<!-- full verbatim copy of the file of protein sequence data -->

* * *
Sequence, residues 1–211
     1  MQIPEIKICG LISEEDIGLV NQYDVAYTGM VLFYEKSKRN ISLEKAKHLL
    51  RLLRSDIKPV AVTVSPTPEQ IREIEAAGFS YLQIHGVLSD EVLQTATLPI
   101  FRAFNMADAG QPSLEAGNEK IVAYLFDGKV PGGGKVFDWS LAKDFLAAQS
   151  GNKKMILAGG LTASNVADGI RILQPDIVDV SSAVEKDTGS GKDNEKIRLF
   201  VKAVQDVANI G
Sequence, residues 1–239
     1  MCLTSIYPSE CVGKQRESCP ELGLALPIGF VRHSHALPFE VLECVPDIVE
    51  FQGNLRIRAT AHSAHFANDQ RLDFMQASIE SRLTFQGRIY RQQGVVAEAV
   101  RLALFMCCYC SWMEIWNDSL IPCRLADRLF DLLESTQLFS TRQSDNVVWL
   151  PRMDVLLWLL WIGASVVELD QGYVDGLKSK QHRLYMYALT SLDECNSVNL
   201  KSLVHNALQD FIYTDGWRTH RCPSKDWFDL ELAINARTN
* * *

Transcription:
Sequence, residues 1–211
     1  MQIPEIKICG LISEEDIGLV NQYDVAYTGM VLFYEKSKRN ISLEKAKHLL
    51  RLLRSDIKPV AVTVSPTPEQ IREIEAAGFS YLQIHGVLSD EVLQTATLPI
   101  FRAFNMADAG QPSLEAGNEK IVAYLFDGKV PGGGKVFDWS LAKDFLAAQS
   151  GNKKMILAGG LTASNVADGI RILQPDIVDV SSAVEKDTGS GKDNEKIRLF
   201  VKAVQDVANI G
Sequence, residues 1–239
     1  MCLTSIYPSE CVGKQRESCP ELGLALPIGF VRHSHALPFE VLECVPDIVE
    51  FQGNLRIRAT AHSAHFANDQ RLDFMQASIE SRLTFQGRIY RQQGVVAEAV
   101  RLALFMCCYC SWMEIWNDSL IPCRLADRLF DLLESTQLFS TRQSDNVVWL
   151  PRMDVLLWLL WIGASVVELD QGYVDGLKSK QHRLYMYALT SLDECNSVNL
   201  KSLVHNALQD FIYTDGWRTH RCPSKDWFDL ELAINARTN